Navigating The Complexities Of Racism

Navigating Complexity

I love to problem solve. Well, let me clarify. I love to problem solve certain issues, not necessarily math or science. My mind just doesn't function that way. It never has and it probably never will. I can remember on multiple occasions where I was faced with certain tests or equations that I would look at the numbers and letters put together (who thought of that, anyway) and just want to close my book and leave. It didn't matter how much I studied or memorized. I could look at one part and think "oh, I know the answer," but then another part comes up and paralyzes me. I would want to quit.

I believe that it is the same for the issue of racism. We can look at it and become overwhelmed by it. It looks too complex to solve.

I am not saying racism is too complex to understand and know about. All we need to do is look back at the history of our country. If I can be more focal, look at the first-century church. Much of the New Testament touches on ethnic issues (Galatians 2:11-14, Romans 1-3, Ephesians 2). Racism as a sin will permeate throughout our lives until Jesus returns. We are called as believers to confront and renounce that sin until that day. That is simple.

Yet the complexity comes into play when we see it interwoven into our lives and systems of today. When it is masked and shadowed by propaganda, twisted narratives, and misinterpreted thoughts. When we debate methodology and approach. When we don't agree on what racism is. When we compare the church to the world. It is complex when we wrestle with whether our personal convictions are lined up with the Word of God. When what we see clashes with our friends and families views. All of this and so much more build the complex structure of the racial conversation and causes people to want to quit. I know because I've been there (another post for a different day).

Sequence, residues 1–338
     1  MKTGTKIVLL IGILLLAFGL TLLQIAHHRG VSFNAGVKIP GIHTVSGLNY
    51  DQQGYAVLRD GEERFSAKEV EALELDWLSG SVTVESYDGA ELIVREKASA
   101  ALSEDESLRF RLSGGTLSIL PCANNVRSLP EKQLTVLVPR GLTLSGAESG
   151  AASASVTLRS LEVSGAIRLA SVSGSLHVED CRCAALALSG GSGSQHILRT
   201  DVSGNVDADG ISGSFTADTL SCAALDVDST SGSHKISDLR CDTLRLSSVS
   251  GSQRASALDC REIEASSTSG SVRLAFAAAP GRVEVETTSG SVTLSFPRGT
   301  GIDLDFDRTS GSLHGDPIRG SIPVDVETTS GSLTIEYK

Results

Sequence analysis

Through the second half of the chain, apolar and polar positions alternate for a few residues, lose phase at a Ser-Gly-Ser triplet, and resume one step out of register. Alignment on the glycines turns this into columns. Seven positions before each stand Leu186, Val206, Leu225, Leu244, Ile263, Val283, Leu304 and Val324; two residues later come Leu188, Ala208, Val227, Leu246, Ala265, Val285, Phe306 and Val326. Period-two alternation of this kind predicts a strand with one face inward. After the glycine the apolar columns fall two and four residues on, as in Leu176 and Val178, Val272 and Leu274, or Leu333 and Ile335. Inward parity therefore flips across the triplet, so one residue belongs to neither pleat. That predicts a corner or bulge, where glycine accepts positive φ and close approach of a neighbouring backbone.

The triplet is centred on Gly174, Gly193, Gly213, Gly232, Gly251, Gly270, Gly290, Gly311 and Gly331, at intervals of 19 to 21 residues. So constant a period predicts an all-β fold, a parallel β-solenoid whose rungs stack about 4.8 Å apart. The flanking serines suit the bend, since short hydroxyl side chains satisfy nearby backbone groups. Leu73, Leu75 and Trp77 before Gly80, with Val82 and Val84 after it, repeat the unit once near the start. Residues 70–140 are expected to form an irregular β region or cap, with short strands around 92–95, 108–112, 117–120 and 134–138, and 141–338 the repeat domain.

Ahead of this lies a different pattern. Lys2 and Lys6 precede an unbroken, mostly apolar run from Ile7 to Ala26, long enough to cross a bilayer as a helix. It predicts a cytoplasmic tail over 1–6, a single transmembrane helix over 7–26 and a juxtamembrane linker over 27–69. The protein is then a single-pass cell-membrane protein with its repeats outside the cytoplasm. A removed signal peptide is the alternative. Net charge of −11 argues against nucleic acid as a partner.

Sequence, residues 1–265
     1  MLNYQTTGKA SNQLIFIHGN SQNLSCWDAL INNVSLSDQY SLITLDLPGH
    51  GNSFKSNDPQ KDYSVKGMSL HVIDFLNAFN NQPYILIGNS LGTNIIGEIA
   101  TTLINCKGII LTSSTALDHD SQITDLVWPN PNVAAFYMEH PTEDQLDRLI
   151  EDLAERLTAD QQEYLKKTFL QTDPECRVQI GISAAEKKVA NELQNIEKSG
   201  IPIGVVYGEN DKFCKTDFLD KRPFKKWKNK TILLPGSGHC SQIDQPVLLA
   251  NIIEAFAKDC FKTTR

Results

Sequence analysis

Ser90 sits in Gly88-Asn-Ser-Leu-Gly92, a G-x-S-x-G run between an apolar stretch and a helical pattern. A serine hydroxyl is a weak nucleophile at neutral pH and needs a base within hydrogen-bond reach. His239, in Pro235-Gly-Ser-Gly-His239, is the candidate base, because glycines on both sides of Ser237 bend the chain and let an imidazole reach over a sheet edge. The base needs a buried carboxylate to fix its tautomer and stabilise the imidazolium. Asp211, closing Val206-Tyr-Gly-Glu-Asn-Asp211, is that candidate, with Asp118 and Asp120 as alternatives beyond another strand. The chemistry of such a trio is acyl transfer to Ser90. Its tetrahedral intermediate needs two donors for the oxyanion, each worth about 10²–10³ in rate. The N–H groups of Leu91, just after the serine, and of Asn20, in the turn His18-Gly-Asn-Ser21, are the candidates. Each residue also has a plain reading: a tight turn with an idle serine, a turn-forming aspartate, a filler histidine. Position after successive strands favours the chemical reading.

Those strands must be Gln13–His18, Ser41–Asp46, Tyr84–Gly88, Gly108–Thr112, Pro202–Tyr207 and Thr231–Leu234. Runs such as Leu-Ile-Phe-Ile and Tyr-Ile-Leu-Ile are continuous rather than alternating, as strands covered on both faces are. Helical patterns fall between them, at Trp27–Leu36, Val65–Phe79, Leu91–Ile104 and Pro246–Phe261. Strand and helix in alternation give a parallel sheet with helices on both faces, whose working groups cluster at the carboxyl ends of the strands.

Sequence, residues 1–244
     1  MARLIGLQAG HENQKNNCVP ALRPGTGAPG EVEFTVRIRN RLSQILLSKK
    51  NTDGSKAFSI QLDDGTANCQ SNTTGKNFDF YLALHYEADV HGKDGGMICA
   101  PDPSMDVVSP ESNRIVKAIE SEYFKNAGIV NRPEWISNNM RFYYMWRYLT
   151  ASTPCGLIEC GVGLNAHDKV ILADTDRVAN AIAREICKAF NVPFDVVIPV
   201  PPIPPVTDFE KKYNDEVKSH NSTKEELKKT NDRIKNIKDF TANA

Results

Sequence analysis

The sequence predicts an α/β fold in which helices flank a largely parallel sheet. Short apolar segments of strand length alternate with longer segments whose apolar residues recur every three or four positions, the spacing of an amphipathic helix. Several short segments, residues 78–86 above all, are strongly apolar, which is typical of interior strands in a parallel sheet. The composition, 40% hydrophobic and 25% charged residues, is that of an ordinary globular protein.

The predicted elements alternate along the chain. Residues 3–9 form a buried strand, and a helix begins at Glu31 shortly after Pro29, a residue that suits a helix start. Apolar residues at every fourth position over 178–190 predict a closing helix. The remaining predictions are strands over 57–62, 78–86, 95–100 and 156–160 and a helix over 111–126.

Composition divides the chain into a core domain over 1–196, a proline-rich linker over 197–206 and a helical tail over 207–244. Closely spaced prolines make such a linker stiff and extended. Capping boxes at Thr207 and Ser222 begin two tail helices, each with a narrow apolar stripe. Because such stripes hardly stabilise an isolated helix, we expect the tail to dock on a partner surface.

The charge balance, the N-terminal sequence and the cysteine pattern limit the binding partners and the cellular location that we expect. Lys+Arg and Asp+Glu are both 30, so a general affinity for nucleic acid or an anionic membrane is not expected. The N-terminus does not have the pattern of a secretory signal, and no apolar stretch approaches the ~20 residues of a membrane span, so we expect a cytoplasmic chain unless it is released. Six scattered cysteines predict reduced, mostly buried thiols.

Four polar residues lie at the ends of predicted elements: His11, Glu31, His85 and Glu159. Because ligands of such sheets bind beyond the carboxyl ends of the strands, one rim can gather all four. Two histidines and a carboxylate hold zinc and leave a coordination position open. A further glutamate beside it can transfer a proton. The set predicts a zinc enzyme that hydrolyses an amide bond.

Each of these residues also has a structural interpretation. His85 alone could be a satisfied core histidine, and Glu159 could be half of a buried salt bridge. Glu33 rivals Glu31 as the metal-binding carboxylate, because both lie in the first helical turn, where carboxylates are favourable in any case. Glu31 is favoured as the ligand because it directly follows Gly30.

So how do we deal with the complexities and nuances? How do we navigate it? We first need to trust in God. For some, this answer seems incomplete. They may see it as "too simple." They may be leaning into this blog right now going "yes, and what else?" Others will see this answer as dodging the issue. But I would ask that you hear me out.

First, trust in the Lord is never without follow up action.

When Jesus called his disciples, their act of trust was displayed in their leaving everything they had to follow Jesus (Matthew 4:18-22; Mark 1:16-34; Luke 5:1-11). The same goes for us in today's racial climate. If we are to deal with the sin of racism, the Lord must be our entrusted hope. That will, in turn, give us the avenues in which we should fight the sin and see change happen in people's lives. This means when we say we "trust the Lord" we aren't sitting on our hands but rather actively living that trust out through the great commission and through openness.

Second, we cannot act within the will of God without first trusting in Him.